Instructions For Preparing Your Skin by Ariana Nadia Nash

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Winner of the 2011 Philip Levine Prize for Poetry, Instructions for Preparing Your Skin, Ariana Nadia Nash’s first full-length collection recalls Denise Duhamel’s early work, especially the smart, incisive sex of Smile and body-conscious critique in Kinky. Instructions for Preparing Your Skin takes a somber, deeply personal approach, dealing unabashedly with issues of embodiment, self-consciousness and -perception, with especial attention to the way a body will grind away at itself, chew fingernails to nubbins, or shrivel under the hot gaze of others. In response, Nash conjures polymelous gods of vengeful wrath, probes the caried, hard stuff of substance, tangible and somatic, arriving finally at a sharply polished satisfaction.

In the book’s most striking moments, Nash couples raw images with linguistic flexibility. In “Wallowing,” a word often accompanied in conversation by “in self-pity” or “in sadness,” Nash instead invokes the OED’s third entry, which denotes a rolling about, “relaxed in or upon some liquid…implying sensual enjoyment or indifference to defilement.” It’s this indifference Nash’s speaker embraces:

You ignored how
rough thick bristly
a pig’s skin is.

Maybe I roll in the mud
to cake it on, to carry
one more layer between the flesh
and the flies. (15)

This thickening, the spreading of psychic defense, manifests physically, in the dirt between surface and vermin. A similar impulse underlies the first half of “Calluses,” which likewise makes literal the old adage about “thick skin.” The ability to deflect criticism would seem especially relevant among the manifold voices impossible not to internalize, as a young person, in media-saturated, image-obsessed U.S. Here, that instinct undergoes an inversion, turned outward, aggressive:

Did I say I was gathering
myself back in? Did I lie
and say these ragged, bitten
stub-fingers make me strong?
Did I pretend muscle
is marble, claim
blood-raw sin is as
glossy as a photograph? (18)

Ariana NashIn these questions Nash sculpts a vicious culpability, borne of an introversion that can’t but double-back on itself, disoriented in the swirl of tender pinks and dark marrow, mottled as stone, brittle as burnt ossobuco. Ultimately, the solution is not whether to endure such pain or how, but to surrender to a “desire to command my pain,” she says, coping with the inevitable, recurrent shocks of second-guessing.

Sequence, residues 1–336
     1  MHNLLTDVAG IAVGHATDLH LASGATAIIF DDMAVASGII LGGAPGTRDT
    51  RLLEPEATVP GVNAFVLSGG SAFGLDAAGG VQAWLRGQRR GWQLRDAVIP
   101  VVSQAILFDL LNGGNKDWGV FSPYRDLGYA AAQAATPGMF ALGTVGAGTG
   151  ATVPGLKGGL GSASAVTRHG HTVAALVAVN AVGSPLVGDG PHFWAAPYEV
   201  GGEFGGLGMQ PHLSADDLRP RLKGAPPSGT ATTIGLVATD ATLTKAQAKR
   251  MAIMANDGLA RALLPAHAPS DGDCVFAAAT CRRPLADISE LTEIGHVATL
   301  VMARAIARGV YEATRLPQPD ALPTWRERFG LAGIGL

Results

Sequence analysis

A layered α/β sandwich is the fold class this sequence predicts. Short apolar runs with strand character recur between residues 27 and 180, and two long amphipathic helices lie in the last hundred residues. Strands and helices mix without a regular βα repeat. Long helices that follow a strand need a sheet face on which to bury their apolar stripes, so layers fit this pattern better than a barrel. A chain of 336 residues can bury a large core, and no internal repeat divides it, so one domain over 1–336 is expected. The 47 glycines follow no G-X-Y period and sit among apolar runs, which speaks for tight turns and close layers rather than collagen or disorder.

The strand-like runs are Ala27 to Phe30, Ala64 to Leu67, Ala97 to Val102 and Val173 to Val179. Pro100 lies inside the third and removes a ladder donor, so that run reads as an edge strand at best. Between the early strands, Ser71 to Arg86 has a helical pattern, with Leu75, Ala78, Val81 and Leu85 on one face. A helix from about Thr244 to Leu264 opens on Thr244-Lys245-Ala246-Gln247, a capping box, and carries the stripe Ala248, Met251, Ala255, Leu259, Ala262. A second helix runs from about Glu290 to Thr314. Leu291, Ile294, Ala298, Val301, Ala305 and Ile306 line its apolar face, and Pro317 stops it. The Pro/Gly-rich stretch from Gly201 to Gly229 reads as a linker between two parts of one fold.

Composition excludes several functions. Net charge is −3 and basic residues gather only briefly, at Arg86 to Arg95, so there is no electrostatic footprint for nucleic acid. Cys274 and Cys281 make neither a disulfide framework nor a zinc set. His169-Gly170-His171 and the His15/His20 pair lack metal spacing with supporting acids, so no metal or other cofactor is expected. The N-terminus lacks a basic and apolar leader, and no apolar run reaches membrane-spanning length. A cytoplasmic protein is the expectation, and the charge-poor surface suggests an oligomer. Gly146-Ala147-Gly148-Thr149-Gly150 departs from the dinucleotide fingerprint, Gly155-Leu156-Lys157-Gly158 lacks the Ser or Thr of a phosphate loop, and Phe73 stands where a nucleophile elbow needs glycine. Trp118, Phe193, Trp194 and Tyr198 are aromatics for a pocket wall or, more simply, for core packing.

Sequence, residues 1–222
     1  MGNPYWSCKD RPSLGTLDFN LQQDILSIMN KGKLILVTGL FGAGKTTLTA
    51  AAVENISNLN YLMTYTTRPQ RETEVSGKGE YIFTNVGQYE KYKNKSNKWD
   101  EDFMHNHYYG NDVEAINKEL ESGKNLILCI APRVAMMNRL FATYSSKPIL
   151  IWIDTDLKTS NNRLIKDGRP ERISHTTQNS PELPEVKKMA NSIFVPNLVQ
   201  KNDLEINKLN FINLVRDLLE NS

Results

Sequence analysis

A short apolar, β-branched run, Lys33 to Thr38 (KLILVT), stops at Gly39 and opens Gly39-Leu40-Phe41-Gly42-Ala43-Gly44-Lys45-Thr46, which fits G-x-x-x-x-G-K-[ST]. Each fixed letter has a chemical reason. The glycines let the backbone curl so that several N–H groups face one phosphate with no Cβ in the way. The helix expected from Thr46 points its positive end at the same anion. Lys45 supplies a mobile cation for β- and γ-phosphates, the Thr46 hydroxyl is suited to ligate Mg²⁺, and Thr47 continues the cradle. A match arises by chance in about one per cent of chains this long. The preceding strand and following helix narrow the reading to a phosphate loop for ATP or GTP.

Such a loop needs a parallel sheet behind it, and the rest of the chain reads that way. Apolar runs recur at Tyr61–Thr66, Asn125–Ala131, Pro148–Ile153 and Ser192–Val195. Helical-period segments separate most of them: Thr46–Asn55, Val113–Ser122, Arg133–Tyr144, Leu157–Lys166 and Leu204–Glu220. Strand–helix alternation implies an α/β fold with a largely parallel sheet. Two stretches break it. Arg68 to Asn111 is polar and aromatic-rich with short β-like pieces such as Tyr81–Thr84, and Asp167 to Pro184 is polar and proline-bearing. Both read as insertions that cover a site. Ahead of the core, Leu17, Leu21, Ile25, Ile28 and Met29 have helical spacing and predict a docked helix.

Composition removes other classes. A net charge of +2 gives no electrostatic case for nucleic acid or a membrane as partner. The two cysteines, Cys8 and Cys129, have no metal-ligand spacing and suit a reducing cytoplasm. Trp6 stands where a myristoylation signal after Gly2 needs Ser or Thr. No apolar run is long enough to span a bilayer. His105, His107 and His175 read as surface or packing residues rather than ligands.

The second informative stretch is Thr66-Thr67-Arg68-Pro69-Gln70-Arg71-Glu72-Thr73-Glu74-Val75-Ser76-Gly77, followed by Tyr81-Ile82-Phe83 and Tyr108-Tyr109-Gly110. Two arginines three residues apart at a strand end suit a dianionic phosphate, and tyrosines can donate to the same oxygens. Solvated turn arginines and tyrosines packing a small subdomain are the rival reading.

Indeed, many of Nash’s Instructions carry an edge of what Laurie MacDiarmid calls a “sensual cynicism,” referring to the anti-romantic Romanticism of Louise Glück’s “Mock Orange,” in which the speaker shuns conventional symbols of rosy optimism, yet yearns still for something like, if not quite, intimate human connection. In “The Orange,” Nash echoes this Glückean urge to subvert the status quo:

He hands me an orange, wants me
to taste: the sweet acid, the hundred ripe
juice capsules, the acrid paste of the rind
still clinging in patches to its surface.

As I savor, he sermons: you must taste
everything once, feed your gaping raw-red
tunnel, each spongy coral-bud of your
palate wants a different shock to awe it. (26)

The speaker enjoys it so fully, she goes on to indulge further than her pontificating interlocutor had anticipated, stripping citrus flesh with her fingernails, rind filled to the quick, finishing with a flash of teeth and menacing manacling of fruit. The sheer gusto of her audacious edacity signals a shift in the book’s tenor, moving from delicacy to something like delight. Surely, by “Each Morning,” we’re given glimpses of what it must taste like to reclaim a hope for sensual satisfaction:

Tell me these questions are tomatoes
and they may be green and sour now
but they will ripen and taste tart
and romantic again like berries. (48)

Her Instructions may be most indicative of this swerve from discomfiting consciousness nearer to comfortable inhabitance. And throughout, Nash adopts variform source material for poetic expression. From a meditative interpretation of Berlioz’s “Symphonie Fantastique,” to letters addressed to the Biblical Samson from his lover Delilah, to passages that depict in Technicolor Jaipur’s Peacock Gate, Nash introduces herself as a talented composer of multifaceted, well-crafted lyrics.


Diego Báez writes regularly for Booklist and Whole Beast Rag. Other work has appeared most recently in Hobart, Rain Taxi, and The Review of Higher Education. He lives and teaches in Chicago. More from this author →